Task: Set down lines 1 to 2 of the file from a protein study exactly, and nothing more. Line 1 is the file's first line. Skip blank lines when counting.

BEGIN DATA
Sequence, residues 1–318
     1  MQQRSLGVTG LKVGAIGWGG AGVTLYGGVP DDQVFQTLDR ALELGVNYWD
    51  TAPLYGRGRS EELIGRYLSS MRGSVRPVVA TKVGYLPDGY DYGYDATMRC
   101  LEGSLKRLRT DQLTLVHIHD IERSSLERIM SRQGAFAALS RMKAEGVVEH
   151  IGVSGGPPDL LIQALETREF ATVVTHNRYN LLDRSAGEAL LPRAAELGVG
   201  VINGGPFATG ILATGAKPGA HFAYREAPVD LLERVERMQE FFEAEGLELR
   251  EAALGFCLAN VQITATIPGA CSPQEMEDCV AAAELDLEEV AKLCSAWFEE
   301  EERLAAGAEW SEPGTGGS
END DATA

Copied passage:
Sequence, residues 1–318
     1  MQQRSLGVTG LKVGAIGWGG AGVTLYGGVP DDQVFQTLDR ALELGVNYWD